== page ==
Another factor distinguishing the stay-green genotypes is an increase in carbohydrate content in green parts compared with genotypes aging at a normal rate. Enhanced accumulation of soluble carbohydrates in stay-green plants is often accompanied by increased leaf assimilation area during the grain filling stage [10]. Greater yield of the plants with delayed senescence may be due to e.g., maintaining a high level of leaf-soluble carbohydrates [11].
Carbohydrates are used up in the synthesis of phenolic compounds involved in plant defense during environmental stresses and may also serve as indicators of plant senescence. In aging plant organs, the levels of phenolic compounds increase at the cost of soluble carbohydrates [12,13]. This indicates an important role of sugars in integrating environmental signals during the regulation of leaf senescence [14].
Hexaploid triticale (X Triticosecale Wittm.), an intergeneric hybrid of wheat and rye with a genomic constitution of 2n = 6x = 42 (AABBRR), is mainly used as animal feed, but also in the production of renewable energy and very little in food sector. Triticale combines favorable agronomic characteristics of wheat (high yield potential, good grain quality) and rye (abiotic stress tolerance, disease resistance) [15]. The mechanisms associated with plant senescence under soil drought may be controlled by wheat and/or rye genome [16]. However, triticale shows also specific responses to drought present neither in wheat nor in rye [17,18]. The genetic and molecular basis of triticale acclimation to drought have been so far poorly understood. It is not clear whether triticale responses to drought are specific to wheat or rye genome or result from the activity of both genomes.
There are genetic maps of triticale, wheat and rye that have been developed using SSR (simple sequence repeat), DArT (Diversity Arrays Technology), AFLP (Amplified Fragment Length Polymorphism), RAPD (Random Amplified Polymorphic DNA), RAMP (Random Amplified Microsatellite Polymorphic) and SNP (Single-Nucleotide Polymorphism) markers [19,20,21,22,23,24,25].
The aim of our research was to identify the regions of triticale genome associated with senescence under drought induced during the generative stage (reproductive stage). Studies on senescence in cereals usually focus on a flag leaf [6,26]. However, triticale senescence progresses from its lower parts towards the flag leaf. Therefore, our analyses involved the leaves located below the subflag leaf that the first reveal clear signs of drought-induced senescence.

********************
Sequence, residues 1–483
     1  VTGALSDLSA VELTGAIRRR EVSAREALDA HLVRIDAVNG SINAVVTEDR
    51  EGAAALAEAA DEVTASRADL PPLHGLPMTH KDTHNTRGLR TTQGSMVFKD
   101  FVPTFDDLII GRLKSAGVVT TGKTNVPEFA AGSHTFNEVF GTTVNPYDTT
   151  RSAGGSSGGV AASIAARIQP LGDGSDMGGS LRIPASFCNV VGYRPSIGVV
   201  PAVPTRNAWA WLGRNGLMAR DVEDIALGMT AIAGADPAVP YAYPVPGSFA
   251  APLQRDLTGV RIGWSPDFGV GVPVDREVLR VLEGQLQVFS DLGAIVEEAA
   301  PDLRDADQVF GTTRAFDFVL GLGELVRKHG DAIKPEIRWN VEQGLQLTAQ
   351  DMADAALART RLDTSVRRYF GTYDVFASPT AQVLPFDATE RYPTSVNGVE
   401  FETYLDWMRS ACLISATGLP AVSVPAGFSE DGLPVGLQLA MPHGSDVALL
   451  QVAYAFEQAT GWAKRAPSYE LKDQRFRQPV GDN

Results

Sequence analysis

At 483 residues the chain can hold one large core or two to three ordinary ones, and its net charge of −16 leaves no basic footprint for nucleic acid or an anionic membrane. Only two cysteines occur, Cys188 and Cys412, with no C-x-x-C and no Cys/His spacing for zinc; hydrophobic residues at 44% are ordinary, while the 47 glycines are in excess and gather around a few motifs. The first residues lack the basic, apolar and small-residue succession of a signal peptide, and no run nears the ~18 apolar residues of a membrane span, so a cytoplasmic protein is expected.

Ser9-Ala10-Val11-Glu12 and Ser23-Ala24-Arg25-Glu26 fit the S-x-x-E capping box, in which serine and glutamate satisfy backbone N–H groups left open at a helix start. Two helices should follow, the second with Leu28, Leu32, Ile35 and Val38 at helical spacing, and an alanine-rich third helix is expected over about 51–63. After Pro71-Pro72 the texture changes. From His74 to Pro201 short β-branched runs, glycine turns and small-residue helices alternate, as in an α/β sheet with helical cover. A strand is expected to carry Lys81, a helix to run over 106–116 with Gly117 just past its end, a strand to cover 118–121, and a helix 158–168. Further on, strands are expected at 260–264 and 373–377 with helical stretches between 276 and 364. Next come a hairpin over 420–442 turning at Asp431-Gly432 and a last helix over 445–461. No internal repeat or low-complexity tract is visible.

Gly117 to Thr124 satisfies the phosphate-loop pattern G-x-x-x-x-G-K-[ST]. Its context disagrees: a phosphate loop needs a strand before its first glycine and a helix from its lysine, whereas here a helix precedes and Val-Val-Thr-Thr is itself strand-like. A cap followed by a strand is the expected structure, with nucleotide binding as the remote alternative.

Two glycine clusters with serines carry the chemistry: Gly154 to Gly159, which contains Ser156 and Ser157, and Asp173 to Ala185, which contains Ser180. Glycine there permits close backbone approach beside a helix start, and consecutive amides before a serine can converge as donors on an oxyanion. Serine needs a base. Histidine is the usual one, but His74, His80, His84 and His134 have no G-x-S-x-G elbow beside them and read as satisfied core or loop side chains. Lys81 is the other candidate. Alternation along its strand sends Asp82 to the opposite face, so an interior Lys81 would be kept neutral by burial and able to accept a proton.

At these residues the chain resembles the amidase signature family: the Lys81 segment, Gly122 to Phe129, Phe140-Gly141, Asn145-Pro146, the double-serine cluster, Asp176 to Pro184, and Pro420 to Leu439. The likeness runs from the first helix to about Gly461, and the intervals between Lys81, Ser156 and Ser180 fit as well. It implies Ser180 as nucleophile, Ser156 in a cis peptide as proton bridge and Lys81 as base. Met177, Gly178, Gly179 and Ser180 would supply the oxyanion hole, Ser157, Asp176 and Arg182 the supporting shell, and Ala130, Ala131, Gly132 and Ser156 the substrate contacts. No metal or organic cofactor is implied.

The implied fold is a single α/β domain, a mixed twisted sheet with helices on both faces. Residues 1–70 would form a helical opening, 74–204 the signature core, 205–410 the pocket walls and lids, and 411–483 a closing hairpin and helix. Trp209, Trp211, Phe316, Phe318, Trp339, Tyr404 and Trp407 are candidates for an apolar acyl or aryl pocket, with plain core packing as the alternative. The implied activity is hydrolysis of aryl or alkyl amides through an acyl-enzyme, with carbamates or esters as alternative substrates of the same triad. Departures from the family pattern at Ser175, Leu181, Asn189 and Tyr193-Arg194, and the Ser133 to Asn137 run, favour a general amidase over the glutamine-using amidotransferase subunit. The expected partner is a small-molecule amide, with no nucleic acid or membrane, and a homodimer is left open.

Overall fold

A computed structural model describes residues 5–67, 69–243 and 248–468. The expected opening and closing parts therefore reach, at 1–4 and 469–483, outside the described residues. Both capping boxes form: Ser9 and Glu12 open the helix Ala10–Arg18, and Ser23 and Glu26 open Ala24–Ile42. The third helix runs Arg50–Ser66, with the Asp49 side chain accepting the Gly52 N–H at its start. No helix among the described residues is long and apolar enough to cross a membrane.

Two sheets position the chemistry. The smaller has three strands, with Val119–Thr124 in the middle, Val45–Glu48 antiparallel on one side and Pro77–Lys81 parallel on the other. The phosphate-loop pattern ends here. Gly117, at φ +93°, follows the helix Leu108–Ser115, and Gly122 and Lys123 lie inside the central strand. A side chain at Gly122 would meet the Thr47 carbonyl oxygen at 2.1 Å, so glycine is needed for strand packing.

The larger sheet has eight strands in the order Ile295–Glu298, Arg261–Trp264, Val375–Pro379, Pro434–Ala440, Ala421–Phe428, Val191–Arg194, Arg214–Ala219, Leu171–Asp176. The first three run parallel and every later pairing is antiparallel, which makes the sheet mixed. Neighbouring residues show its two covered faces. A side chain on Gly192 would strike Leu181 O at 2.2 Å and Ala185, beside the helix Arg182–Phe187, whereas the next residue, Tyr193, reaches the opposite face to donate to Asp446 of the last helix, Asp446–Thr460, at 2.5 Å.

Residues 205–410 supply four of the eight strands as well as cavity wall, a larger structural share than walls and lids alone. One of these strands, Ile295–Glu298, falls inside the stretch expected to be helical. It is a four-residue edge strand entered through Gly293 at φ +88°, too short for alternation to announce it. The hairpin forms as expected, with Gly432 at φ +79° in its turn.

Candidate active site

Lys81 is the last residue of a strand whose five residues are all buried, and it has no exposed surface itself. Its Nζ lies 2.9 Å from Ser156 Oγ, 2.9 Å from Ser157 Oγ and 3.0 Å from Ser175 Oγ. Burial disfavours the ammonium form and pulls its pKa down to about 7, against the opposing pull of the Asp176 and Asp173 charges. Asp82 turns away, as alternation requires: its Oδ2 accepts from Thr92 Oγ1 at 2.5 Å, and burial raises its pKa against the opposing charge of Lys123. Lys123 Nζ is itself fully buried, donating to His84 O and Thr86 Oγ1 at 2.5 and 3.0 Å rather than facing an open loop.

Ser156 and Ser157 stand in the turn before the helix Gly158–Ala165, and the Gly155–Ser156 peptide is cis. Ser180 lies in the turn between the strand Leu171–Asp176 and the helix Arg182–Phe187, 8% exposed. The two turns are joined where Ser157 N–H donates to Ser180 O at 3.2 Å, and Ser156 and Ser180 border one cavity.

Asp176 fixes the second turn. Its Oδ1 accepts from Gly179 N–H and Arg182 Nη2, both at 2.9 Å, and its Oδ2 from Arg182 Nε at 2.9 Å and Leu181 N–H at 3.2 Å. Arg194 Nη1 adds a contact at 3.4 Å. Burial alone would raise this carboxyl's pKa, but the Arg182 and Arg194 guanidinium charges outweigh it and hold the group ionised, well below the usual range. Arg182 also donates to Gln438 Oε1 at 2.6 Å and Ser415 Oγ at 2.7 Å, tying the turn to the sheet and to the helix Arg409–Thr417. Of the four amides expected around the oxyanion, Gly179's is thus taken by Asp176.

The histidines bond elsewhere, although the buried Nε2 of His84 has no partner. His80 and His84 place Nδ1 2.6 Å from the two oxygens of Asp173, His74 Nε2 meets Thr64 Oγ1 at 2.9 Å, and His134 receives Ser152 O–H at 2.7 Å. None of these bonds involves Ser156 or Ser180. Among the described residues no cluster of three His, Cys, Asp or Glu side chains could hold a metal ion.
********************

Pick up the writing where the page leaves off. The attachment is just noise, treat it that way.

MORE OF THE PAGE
2. Materials and Methods

2.1. Biparental Population and Genetic Map

The mapping population we used involved 92 lines of DH population ‘Hewo’ × ‘Magnat’ [27]. The genetic map composed of 1615 bin markers representing 13,402 DArTseq, 842 DArT, and 50 SSR markers used for QTL calculations [19]. The genetic map covered 4907 cM with a mean distance between two bins of 3.0 cM. For QTL calculations, the orientation of genetic positions of the markers on chromosomes 2R, 4R and 5R was inverted based on a comparison with a published whole-rye genome draft sequence of rye [15,28].

2.2. Plant Growth Conditions, Treatments, Leaf Sampling and Phenotypic Evaluation

Seeds of individual DH lines were sown into plastic pots with a capacity of 3.7 L filled with a mixture of soil and sand (1:3; v/v). Seedlings at the stage of two leaves were subjected to 8 weeks of vernalization in a cool chamber at +4 °C (±1 °C) and illumination of PPFD (photosynthetic photon flux density) at 150 μmol m−2 s−1, photoperiod 10 h of light /14 h of darkness. After the vernalization, the plants at four-leaf stage were transferred into a greenhouse chamber (Department of Plant Physiology, Faculty of Agriculture and Economics, Agricultural University, Kraków, south of Poland). The experiment was conducted during a 5-month period, from January to May. The air temperature in the greenhouse was about 26/18 °C (±2 °C) day/night, and relative air humidity reached 40%. Plants were additionally illuminated at PPFD about 150–200 μmol m−2 s−1 at the level of the top leaf. The plants were irrigated with nutrient solution once per week.